Organic reducing agents such as alcohols, sugars or aldehydes are used to reduce silver nitrate in the presence of a base such as alkali hydroxides or carbonates. See Silver--Economics, Metallurgy and Use, A. Butts, ed. 1975, Krieger Publishing Co., N.Y., p. 441. The reduction reaction is very fast, hard to control and produces a powder contaminated with residual alkali ions. Although small in size (e.g., <1 micron), these powders tend to have an irregular shape with a wide distribution of particle sizes that do not pack well. These types of silver powders exhibit difficult to control sintering and inadequate line resolution in thick film conductor circuits.

PRIOR ART

U.S. Pat. No. 4,078,918 1978 Perman

A recovery process for reclaiming precious metals from industrial process residues, such as silver chloride resulting from salt analysis of meats in a packing plant, or alternative, from industrial waste photographic papers or the like. The process comprises pretreating the material with an oxidizing agent capable of substantially completely oxidizing organic contaminants, reacting the material with ammonium hydroxide to form a soluble ammonia complex, and reacting the ammonia complex with ascorbic acid or a salt form of ascorbic acid to provide precious metal in elemental form. The preferred process is for reclaiming silver.

European Patent Application 0 073 108 1981 Perrin

A process for the recovery of metals from solutions containing them, particularly for recovering gold, silver, platinum or other precious metals in a pure from, comprises the use of a reduction reaction using as reducing agent a polyhydroxyl compound. Suitable polyhydroxyl compounds are sugars, particularly those having a lactone structure, for example L-ascorbic, D-iso-ascorbic acid and salts thereof.

U.S. Pat. No. 4,863,510 1989 Tamemasa et al.

Fine particles of a metal such as copper and silver can be obtained by reducing the corresponding metal ammonium complex salt solution with one or more reducing agents selected from the group consisting of L-ascorbic acid, L-ascorbate, D-erythorbic acid and D-erythorbate.

SUMMARY OF THE INVENTION

This invention is directed to a method for the preparation of finely divided, dense packing, spherical shaped silver particles comprising the sequential steps of

(1) reacting an aqueous mixture of a silver salt with an alkanolamine to form a homogeneous aqueous solution of a dissolved silver alkanolamine complex;

(2) preparing an aqueous solution of a reducing agent and, optionally an alkanolamine; and

(3) mixing together the silver alkanolamine complex solution and the reducing agent solution at a buffered pH and a temperature between 10° C. to 100° to form finely divided, dense packing, spherical silver particles.

DETAILED DESCRIPTION OF THE INVENTION

The process of the invention is a reductive process in which finely divided, dense packing, spherical silver particles are precipitated by adding together an aqueous solution of a silver alkanolamine complex and an aqueous solution containing the mixture of a reducing agent and an alkanolamine. Finely divided is defined as non-agglomerated with a narrow particle size distribution, dense packing is indicated by large tap density, and spherical shape is determined by scanning electron microscopy.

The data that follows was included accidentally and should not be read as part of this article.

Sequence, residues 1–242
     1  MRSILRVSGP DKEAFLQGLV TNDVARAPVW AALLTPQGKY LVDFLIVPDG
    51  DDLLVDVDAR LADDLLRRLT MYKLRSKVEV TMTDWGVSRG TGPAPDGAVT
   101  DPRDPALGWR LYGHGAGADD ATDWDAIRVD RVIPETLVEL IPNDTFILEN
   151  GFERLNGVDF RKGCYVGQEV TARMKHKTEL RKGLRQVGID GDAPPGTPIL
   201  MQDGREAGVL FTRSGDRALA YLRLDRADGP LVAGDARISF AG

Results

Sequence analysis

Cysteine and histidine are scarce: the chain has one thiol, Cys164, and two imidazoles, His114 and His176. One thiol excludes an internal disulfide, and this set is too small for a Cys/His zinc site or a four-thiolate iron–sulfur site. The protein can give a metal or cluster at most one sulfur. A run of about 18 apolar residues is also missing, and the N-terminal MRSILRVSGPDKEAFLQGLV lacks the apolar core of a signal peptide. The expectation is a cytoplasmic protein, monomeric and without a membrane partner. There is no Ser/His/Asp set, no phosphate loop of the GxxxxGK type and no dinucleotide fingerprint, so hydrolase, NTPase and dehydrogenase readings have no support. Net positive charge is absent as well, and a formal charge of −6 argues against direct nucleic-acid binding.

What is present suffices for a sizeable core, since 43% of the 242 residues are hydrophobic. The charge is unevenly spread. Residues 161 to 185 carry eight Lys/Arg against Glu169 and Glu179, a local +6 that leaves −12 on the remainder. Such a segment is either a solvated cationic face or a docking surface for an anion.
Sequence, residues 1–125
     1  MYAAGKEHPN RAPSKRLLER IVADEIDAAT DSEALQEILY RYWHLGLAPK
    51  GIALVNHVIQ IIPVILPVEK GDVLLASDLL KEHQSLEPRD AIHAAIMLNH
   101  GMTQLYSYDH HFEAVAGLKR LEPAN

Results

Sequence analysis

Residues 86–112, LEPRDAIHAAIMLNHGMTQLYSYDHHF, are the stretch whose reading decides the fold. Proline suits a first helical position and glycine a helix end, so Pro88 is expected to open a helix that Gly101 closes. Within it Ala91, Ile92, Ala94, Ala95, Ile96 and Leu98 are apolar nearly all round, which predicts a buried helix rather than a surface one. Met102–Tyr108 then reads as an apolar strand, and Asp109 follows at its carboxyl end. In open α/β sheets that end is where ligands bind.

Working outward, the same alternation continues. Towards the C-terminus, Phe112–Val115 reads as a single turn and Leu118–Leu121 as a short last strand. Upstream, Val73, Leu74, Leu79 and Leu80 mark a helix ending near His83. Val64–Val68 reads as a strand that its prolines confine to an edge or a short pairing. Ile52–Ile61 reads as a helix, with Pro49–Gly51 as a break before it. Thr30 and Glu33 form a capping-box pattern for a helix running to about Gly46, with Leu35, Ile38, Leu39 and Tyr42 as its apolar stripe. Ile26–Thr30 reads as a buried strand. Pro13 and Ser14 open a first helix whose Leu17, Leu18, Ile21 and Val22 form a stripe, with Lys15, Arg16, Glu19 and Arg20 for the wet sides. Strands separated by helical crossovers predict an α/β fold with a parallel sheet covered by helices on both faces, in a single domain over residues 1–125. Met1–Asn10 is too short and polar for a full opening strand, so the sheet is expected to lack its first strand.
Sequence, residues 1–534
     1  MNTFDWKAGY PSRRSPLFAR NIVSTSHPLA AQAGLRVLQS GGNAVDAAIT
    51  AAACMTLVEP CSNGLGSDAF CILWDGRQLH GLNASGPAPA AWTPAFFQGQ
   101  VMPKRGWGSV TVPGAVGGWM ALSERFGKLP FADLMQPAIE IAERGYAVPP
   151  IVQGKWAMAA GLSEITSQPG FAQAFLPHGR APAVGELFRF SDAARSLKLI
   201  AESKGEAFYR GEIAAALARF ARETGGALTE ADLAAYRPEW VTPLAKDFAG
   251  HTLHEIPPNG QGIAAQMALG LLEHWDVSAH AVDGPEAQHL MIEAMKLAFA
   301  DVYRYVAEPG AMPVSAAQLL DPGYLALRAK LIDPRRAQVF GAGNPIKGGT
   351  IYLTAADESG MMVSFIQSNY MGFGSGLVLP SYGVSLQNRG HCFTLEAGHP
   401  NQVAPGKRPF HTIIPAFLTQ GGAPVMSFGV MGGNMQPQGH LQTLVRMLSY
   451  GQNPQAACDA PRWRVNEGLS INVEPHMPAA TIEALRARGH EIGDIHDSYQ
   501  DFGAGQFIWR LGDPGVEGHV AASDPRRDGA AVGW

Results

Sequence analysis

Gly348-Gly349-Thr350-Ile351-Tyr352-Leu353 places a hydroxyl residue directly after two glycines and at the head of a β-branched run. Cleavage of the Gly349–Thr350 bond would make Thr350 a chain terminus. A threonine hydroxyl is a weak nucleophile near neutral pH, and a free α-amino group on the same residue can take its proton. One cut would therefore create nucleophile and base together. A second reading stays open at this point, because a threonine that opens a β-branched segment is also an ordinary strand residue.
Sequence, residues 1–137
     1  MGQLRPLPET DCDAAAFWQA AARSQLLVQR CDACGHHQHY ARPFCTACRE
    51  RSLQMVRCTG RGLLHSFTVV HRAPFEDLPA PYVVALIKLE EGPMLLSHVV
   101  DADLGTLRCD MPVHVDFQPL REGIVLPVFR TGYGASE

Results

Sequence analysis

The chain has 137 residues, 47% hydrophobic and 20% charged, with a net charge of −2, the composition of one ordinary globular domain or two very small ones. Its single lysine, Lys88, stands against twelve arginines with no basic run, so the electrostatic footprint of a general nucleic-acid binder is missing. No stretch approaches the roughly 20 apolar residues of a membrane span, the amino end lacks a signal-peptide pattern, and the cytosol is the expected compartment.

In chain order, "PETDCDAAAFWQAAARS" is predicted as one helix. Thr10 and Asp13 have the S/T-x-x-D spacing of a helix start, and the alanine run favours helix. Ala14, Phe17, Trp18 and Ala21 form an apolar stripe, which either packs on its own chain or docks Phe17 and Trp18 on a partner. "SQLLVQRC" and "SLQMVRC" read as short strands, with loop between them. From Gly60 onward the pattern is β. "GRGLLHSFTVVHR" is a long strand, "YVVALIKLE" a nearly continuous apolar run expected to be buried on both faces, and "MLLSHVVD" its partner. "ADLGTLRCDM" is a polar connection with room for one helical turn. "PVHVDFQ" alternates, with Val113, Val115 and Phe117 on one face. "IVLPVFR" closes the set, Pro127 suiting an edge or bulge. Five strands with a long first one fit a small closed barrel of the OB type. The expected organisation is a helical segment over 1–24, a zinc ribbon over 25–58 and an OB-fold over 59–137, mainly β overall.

The silver alkanolamine complex aqueous solution is prepared by first adding a water-soluble silver salt to deionized water to form an aqueous silver mixture. Any water-soluble silver salt can be used in the process of the invention such as silver nitrate, silver phosphate, and silver sulfate. Addition of an alkanolamine to the aqueous silver mixture produces an aqueous solution of a silver alkanolamine complex. An advantage of using alkanolamines to form the water soluble silver complexes is that no silver ammonia complexes are formed which could lead to the formation of explosive silver azide compounds.

Enough alkanolamine is added to prepare a completely dissolved complex. Although an excess of the alkanolamine can be used, it is preferred to add a minimum amount for complete dissolution. Alkanolamines such as monoethanolamine, diethanolamine, triethanolamine, monoisopropanolamine, diisopropanolamine, and the like can be used.

The buffered pH of the reaction is determined by the alkanolamine used. Monoethanolamine gives pH 11, diethanolamine pH 10, triethanolamine pH 9, etc. To prepare finely divided, dense packing, spherical silver powder, the reducing agent is matched with the proper alkanolamine to give the preferred pH of the reaction.

Suitable reducing agents for the process of the invention are 1-ascorbic acid, its salts and related compounds such as sodium ascorbate, d-isoascorbic acid, etc. and related compounds having a lactone ring of the ascorbic acid type such as hydroquinone, quinone, and catechol. Reducing agents such as resorcinol, 4-butyrolactone, furfural, manitol, 1,4-cyclohexanediol, and guaicol are not suitable for this invention.

The reducing solution is prepared by first dissolving the reducing agent in deionized water and then adding enough alkanolamine to keep the process pH buffered so that at the end of the reaction process the pH has not changed. The reduction of silver during the reaction produces acid which reacts with the excess alkanolamine to keep the pH constant. It is important to keep the pH constant throughout the reaction because the resulting silver powder properties are dependent on the pH of the reaction.

Spherical, dense silver powder can be made by having no alkanolamine in the reducing solution provided sufficient alkanolamine is added to the silver complex solution to keep the process pH buffered to the pH of the alkanolamine so that at the end the reaction process the pH has not changed.